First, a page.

Mosul Dam (Reuters)

February 7, 2016

raq’s minister of water resources on Saturday played down warnings that Mosul dam will collapse, estimating only a “one in a thousand” chance of failure and saying the solution was to build a new dam or install a deep concrete support wall.

The U.S. military has warned that a collapse of the 3.6 km-long (2.2 mile) hydroelectric dam located near Islamic State-held territory in the country’s north would be catastrophic.

An Italian company has been awarded a contract to make urgent repairs to the dam which has suffered from structural flaws since its construction in the 1980s and requires constant grouting to maintain structural integrity.

“The looming danger to Mosul dam is one in a thousand. This risk level is present in all the world’s dams”, Muhsin al-Shammari said in an interview to al-Sumaria TV.

He said one solution was to build a concrete support wall 150 to 200 meters deep. In the meantime, workers are removing 5 to 6 tonnes of concrete a day at a cost of 7 billion Iraqi dinars ($6 million) a day, he added.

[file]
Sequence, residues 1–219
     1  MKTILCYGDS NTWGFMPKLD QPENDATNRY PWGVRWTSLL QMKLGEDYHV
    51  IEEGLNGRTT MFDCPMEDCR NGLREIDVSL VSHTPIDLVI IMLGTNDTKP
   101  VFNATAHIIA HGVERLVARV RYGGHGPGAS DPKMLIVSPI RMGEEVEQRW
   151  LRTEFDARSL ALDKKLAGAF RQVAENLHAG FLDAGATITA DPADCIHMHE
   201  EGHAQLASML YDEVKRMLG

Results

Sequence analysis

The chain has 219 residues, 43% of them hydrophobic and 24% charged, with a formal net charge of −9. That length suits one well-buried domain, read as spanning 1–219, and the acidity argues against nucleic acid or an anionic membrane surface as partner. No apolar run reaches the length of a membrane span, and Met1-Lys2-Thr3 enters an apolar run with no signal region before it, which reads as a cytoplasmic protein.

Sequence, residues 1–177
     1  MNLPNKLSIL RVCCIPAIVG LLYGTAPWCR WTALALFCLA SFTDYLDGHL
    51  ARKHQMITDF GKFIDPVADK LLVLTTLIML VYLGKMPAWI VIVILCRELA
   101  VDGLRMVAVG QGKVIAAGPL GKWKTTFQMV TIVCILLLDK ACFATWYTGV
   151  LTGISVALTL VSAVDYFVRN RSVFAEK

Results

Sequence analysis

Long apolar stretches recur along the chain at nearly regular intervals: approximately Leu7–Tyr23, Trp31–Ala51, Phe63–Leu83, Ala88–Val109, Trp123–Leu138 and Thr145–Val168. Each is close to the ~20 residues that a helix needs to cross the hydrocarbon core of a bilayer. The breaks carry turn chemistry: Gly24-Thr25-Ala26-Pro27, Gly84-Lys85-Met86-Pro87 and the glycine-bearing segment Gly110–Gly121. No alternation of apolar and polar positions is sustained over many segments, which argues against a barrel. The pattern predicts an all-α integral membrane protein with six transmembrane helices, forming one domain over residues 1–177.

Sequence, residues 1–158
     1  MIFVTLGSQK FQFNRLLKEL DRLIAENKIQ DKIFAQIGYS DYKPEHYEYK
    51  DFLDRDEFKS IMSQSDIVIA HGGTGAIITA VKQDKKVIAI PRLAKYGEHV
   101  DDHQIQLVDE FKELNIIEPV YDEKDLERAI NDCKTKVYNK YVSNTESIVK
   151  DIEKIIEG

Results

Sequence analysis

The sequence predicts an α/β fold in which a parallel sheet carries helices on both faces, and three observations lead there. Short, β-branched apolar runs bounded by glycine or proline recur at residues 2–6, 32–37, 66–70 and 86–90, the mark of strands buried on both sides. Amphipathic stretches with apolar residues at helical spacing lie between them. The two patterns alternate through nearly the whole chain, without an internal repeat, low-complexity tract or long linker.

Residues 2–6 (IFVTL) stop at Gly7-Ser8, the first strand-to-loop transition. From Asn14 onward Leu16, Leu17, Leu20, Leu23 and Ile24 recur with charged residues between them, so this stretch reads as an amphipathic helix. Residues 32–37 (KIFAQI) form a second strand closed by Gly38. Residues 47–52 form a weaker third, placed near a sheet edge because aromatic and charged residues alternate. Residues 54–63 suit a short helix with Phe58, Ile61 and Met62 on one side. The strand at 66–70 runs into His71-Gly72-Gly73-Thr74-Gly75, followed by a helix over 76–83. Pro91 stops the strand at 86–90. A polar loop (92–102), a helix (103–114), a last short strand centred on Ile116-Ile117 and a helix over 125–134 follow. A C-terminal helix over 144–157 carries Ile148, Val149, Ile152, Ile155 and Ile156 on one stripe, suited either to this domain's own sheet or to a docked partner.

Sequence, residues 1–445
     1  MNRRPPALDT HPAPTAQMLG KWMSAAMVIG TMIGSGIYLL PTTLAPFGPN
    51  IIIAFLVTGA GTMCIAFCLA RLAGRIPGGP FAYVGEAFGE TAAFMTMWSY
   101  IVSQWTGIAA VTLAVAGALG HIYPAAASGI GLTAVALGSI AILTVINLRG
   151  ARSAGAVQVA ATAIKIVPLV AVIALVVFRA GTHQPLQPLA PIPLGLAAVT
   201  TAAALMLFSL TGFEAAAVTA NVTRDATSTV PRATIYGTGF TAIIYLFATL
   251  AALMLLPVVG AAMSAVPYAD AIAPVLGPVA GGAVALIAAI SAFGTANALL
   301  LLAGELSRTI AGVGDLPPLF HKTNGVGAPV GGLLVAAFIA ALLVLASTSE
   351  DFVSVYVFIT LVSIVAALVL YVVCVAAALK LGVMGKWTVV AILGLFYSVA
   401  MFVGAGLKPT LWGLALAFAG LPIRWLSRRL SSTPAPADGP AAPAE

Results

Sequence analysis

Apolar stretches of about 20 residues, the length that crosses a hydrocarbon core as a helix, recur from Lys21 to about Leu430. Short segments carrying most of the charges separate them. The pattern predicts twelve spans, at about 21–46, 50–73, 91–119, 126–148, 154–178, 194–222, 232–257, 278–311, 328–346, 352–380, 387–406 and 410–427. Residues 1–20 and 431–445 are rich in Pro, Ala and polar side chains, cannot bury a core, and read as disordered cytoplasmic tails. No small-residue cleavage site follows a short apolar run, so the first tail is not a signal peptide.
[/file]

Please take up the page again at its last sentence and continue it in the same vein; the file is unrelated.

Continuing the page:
Islamic State militants controlling swathes of territory in northern and western Iraq seized Mosul dam in August 2014, raising fears they might blow it up and unleash a wall of water on Mosul and Baghdad that could kill hundreds of thousands along the heavily populated Tigris River valley.

Kurdish Peshmerga fighters recaptured the dam two weeks later with the help of coalition airstrikes and Iraqi government forces.

About 450 Italian forces will be deployed to protect the Italian Trevi Group contracted to repair the dam, whose deterioration has forced the U.S. military to draft a contingency plan for its potential failure.

(Reporting By Stephen Kalin; Editing by Toby Chopra)